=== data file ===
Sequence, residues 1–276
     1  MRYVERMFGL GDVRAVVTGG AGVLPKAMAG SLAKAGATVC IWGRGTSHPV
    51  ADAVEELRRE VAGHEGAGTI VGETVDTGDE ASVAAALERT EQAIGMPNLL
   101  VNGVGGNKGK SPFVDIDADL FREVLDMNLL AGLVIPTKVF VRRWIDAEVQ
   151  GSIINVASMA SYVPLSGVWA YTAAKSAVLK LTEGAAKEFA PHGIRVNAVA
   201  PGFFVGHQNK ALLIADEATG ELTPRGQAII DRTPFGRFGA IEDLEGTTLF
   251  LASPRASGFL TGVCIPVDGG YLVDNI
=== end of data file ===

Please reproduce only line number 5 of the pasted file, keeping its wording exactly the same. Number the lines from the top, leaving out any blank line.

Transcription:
   151  GSIINVASMA SYVPLSGVWA YTAAKSAVLK LTEGAAKEFA PHGIRVNAVA